A Really Big Show

Many years ago, Ed Sullivan was famous for introducing his television program by saying, “It’s a really big show tonight.” In his case, it was appropriate as he introduced such bands as the Beatles.

My impression is that this would be appropriate for many churches as well. With declining church attendance, churches have to do something. Evangelism and missions are important but there has to be something that will connect the new people with the congregation. There are basically two options: community or production.

I will admit that community is difficult. It takes much longer and you need more people to commit. It is not enough for ten percent to decide they want to build community. It is all or nothing. Not only that, all the big and successful churches did not choose this route and they have more people coming in than they can handle.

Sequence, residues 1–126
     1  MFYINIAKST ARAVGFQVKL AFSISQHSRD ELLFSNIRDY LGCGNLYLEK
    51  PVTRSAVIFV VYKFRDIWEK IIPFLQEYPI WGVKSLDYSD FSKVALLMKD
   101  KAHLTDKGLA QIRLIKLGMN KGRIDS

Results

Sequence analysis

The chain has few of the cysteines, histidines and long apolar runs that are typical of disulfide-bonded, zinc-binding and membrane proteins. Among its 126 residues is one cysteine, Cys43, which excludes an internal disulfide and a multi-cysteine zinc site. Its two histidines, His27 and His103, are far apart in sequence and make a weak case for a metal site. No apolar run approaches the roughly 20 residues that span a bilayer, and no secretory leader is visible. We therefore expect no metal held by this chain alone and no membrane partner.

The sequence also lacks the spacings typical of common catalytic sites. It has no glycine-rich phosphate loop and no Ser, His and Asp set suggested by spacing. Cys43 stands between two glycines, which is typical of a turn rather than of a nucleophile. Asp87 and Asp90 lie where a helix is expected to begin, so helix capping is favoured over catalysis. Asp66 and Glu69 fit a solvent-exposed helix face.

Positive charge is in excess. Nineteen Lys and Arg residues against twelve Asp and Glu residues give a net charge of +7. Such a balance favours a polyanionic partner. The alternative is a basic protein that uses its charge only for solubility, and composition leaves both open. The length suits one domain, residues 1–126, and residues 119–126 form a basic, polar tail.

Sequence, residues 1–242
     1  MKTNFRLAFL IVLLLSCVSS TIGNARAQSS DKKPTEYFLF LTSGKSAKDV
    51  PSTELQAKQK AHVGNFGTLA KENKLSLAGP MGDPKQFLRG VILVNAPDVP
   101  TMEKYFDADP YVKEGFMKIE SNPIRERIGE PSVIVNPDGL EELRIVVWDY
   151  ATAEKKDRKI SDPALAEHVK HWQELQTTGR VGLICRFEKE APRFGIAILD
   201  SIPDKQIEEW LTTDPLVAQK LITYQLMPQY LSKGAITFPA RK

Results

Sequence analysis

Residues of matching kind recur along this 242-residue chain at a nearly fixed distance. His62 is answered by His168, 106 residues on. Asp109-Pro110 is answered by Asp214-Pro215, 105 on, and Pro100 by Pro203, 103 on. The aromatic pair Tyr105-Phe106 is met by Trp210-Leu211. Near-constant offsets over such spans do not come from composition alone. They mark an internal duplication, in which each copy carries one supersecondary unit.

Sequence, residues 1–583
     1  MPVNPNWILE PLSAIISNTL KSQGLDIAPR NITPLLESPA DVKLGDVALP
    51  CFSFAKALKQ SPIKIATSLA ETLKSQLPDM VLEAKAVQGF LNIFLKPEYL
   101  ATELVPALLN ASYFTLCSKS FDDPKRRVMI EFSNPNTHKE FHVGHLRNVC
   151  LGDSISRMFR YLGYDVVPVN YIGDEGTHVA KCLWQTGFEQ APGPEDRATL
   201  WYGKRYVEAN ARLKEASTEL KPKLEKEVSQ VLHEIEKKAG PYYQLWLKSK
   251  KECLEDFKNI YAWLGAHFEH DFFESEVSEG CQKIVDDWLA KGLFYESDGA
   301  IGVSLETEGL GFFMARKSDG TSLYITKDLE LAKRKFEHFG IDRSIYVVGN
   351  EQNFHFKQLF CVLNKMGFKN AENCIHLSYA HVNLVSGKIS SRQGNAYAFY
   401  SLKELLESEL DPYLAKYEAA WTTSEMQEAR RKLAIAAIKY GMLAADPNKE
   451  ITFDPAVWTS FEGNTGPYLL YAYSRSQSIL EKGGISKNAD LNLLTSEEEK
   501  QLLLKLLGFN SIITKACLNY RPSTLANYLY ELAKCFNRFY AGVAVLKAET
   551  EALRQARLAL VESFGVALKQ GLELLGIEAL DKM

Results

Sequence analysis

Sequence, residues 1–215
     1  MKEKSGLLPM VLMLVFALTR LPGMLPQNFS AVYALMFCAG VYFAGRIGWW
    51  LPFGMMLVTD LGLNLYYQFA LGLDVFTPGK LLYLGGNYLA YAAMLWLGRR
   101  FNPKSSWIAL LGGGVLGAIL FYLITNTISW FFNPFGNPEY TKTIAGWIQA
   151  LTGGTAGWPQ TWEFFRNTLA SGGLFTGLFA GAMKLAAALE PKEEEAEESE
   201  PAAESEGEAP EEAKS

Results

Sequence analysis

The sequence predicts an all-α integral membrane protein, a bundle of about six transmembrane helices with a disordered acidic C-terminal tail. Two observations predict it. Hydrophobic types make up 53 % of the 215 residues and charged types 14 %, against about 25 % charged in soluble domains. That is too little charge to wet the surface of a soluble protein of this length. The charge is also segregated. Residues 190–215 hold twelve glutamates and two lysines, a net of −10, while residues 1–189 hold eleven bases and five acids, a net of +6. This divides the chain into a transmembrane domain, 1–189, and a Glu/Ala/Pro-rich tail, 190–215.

Putting on a production is a bit easier. You need a rocking band, an entertaining pastor and a group of people that are talented enough to put it all together into a tight show. The aim is to impress the newcomer. We are aware that there are plenty of entertaining options out there and we need to get in the game if we are going to compete. There are enough churches that have done well with this model that we know it works.

The problem comes when we look to the New Testament church. The earliest church seemed to be based on the nature of the community rather than the excellence of the show. I don’t think that it was only because they lacked the budget. Outsiders were impressed with the church, but they were impressed with the love they showed for others and for each other.

I am not suggesting that churches stop trying to put their best into worship services. I have been in churches where the participants just didn’t care and refused to give it their all. We should seek excellence to the best of our ability. But that excellence finds its boundaries in community. The ultimate vision should be how we can build community rather than how much we can impress people. If excellence ever becomes a stumbling block to community, it is the show that must compromise.

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